Almost seven and a half years of taxpayer money has been spent investigating jerky treats imported from China. Why has more than 1000 dogs died the treats? What is the cause of dog, cat and human illness linked to the Chinese pet treats? The FDA still doesn’t know. Another update, no answers.
The latest FDA update on the seven year jerky treat investigation does include a few new bits of information. For starters, 3 people have now gotten sick from consuming the Chinese pet treats. A Chinese manufacturer is shown eating one of the treats (attempting to prove the treats are safe) on NBC News, however I doubt this action provides much comfort to grieving petsumers.
The FDA has begun to work with the Centers for Disease Control “in collaborating on a study of cases reported to the agency of sick dogs compared with “controls” (dogs who have not been ill).” Interestingly, this FDA/CDC collaboration will compare “the foods eaten by the sick dogs” to the foods eaten by the control dogs (dogs that did not get sick). FDA identified 100 cases of kidney illness in dogs reported to be linked to Chinese jerky, then found 300 controls. “We then interviewed the owners of both the case and control dogs using a detailed questionnaire that included in-depth questions about the types of foods the dogs ate, as well as other factors that could lead to renal disease.”
As with the last FDA update, this recent jerky treat update the agency provides the public misleading information about the levels of antibiotic drugs NY Department of Agriculture testing found in the treats. FDA stated “FDA scientists closely reviewed the NYSDAM findings and noted that when measurable levels of antibiotic drugs were found in the treats, they were consistently at very low levels—almost all were less than 0.0001% (< 1 part per million, or less than one inch in 16 miles).” Through Freedom of Information Act request, (as reported in January 2014), we know the above statement is not correct. In fact, NY Department of Agriculture found levels up to 8 times the legal limit of some drugs (not less than one inch in 16 miles…?).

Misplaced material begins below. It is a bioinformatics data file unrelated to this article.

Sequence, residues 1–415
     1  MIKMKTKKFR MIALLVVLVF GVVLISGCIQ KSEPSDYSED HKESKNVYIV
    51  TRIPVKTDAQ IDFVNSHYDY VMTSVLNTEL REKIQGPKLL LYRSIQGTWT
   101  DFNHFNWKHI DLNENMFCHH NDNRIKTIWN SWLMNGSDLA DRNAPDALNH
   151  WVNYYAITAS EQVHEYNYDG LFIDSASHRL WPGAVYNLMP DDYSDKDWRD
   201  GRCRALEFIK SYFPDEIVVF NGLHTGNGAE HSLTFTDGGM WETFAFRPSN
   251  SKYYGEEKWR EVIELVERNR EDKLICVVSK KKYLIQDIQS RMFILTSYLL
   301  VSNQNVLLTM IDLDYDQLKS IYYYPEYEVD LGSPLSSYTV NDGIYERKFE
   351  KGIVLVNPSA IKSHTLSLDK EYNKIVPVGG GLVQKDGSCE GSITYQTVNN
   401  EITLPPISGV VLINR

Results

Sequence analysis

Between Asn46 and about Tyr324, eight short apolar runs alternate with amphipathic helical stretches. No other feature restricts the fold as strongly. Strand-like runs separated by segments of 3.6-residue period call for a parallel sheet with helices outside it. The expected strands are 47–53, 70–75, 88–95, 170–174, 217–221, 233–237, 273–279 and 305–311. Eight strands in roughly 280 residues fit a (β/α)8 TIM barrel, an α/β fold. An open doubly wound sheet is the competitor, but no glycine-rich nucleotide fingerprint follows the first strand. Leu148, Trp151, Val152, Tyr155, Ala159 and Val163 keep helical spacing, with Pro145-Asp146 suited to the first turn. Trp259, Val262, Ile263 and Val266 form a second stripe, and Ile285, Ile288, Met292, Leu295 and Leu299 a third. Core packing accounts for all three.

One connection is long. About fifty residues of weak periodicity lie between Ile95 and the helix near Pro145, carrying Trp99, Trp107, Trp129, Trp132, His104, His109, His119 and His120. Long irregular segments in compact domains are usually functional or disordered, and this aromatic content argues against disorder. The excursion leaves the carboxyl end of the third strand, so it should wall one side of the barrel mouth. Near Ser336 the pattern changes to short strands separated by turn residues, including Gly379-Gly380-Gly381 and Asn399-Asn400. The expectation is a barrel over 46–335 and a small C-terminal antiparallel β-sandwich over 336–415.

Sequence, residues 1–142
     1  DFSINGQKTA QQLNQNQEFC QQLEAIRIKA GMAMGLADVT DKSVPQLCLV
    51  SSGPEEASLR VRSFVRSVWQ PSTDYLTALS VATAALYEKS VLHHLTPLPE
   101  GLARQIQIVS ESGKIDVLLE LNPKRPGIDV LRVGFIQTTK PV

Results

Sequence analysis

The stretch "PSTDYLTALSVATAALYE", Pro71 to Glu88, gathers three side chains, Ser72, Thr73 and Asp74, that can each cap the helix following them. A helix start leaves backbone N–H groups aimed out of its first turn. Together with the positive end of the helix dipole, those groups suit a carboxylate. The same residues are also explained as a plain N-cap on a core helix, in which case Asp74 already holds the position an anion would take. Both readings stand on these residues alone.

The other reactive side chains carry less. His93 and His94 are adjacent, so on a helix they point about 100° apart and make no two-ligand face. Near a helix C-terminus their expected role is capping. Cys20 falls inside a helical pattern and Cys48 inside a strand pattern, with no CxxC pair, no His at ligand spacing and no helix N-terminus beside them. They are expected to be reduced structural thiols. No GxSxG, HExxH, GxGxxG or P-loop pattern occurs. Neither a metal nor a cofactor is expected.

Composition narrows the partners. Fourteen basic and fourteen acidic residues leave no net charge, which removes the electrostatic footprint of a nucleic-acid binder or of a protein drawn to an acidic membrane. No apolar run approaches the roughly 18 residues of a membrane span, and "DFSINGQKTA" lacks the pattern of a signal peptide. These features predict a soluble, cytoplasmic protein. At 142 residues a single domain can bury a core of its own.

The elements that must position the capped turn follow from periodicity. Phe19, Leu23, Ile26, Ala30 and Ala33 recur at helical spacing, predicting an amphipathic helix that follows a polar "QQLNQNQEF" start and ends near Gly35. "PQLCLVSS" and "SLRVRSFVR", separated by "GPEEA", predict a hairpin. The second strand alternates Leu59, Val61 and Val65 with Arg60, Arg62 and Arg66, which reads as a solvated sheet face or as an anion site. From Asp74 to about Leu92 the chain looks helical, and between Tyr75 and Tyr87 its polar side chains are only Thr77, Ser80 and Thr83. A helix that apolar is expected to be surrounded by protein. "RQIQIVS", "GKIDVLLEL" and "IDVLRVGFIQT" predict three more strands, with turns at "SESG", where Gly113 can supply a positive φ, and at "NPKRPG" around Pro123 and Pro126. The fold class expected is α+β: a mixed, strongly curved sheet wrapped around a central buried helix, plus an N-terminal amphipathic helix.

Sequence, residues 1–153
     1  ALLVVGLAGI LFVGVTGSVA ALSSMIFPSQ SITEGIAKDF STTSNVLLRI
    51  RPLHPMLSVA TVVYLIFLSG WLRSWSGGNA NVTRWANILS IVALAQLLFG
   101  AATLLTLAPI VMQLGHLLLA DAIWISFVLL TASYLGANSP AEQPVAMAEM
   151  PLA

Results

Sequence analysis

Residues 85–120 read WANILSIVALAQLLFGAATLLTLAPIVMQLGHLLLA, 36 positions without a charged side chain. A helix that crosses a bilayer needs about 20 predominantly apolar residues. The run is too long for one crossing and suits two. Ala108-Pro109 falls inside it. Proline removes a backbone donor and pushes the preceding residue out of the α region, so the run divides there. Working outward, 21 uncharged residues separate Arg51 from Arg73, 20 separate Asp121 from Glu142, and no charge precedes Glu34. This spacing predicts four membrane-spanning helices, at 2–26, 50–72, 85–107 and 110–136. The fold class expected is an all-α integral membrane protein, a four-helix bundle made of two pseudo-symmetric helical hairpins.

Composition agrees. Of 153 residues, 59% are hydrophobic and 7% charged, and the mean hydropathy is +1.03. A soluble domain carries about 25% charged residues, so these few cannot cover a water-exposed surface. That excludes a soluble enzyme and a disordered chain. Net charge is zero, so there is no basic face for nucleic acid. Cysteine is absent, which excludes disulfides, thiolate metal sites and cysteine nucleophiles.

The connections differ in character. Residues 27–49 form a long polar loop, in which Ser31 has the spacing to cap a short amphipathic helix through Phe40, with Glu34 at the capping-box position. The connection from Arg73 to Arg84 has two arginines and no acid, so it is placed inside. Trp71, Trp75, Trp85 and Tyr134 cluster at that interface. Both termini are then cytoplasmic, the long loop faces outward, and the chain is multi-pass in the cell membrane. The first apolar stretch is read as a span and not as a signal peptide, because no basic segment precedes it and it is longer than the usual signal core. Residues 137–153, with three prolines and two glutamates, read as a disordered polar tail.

Just as reminder, NY Department of Agriculture complied with the legal requirements of our Freedom of Information Act (FOIA) request by providing all test results they performed on the jerky treats and provided to FDA. And just as reminder, FDA never has complied with the legal requirements of our FOIA request. To date, the FDA is more than five months past the date required by law they should have responded to our FOIA request.
The FDA did find a new drug in the treats, that has never been found (or mentioned) before. Amantadine. The report states “FDA does not believe that amantadine contributed to the illnesses because the known side effects or adverse events associated with amantadine do not seem to correlate with the symptoms seen in the jerky pet treat-related cases. However, it should not be present in jerky pet treats. The agency has notified Chinese authorities that FDA considers the presence of amantadine in these products to be an adulterant. FDA has also notified the U.S. companies that market jerky pet treats found positive for amantadine of this finding.”
No mention in the recent update of exactly what brands of treats contained the “adulterant” amantadine. No mention of why consumers were not properly warned just as Chinese authorities and US importers were warned. And the recent updated provided no explanation as to why no recall was issued with the discovery of this adulterant. (Questions were sent to FDA asking the names of these products and lot numbers. Also asking for explanation why consumers were not previously notified of the adulterated products.)
And the FDA – more than seven years into an investigation – says they need pet food consumers to make certain to keep the lot number information off their jerky treat bags. As well, FDA delicately asks pet owners that should the pet die from consuming the jerky treats, to donate the body in order for FDA scientists to learn. FDA states “While we want to do everything we can to prevent pets from becoming ill in the first place, having the chance to examine tissues may fill gaps in information that can help us pinpoint a cause for the reports of injury and death.”
No, sorry FDA. You clearly DO NOT want to do ‘everything you can’ to prevent pets from becoming ill. If you wanted to do “everything we can to prevent pets from becoming ill in the first place”…the agency would issue an Import Alert on these deadly treats from China and issue an immediate Stop Sale on all treats on store shelves.
Nothing less than getting these deadly treats off store shelves is everything.
To read the FDA May 2014 update Click Here.
Wishing you and your pet(s) the best,
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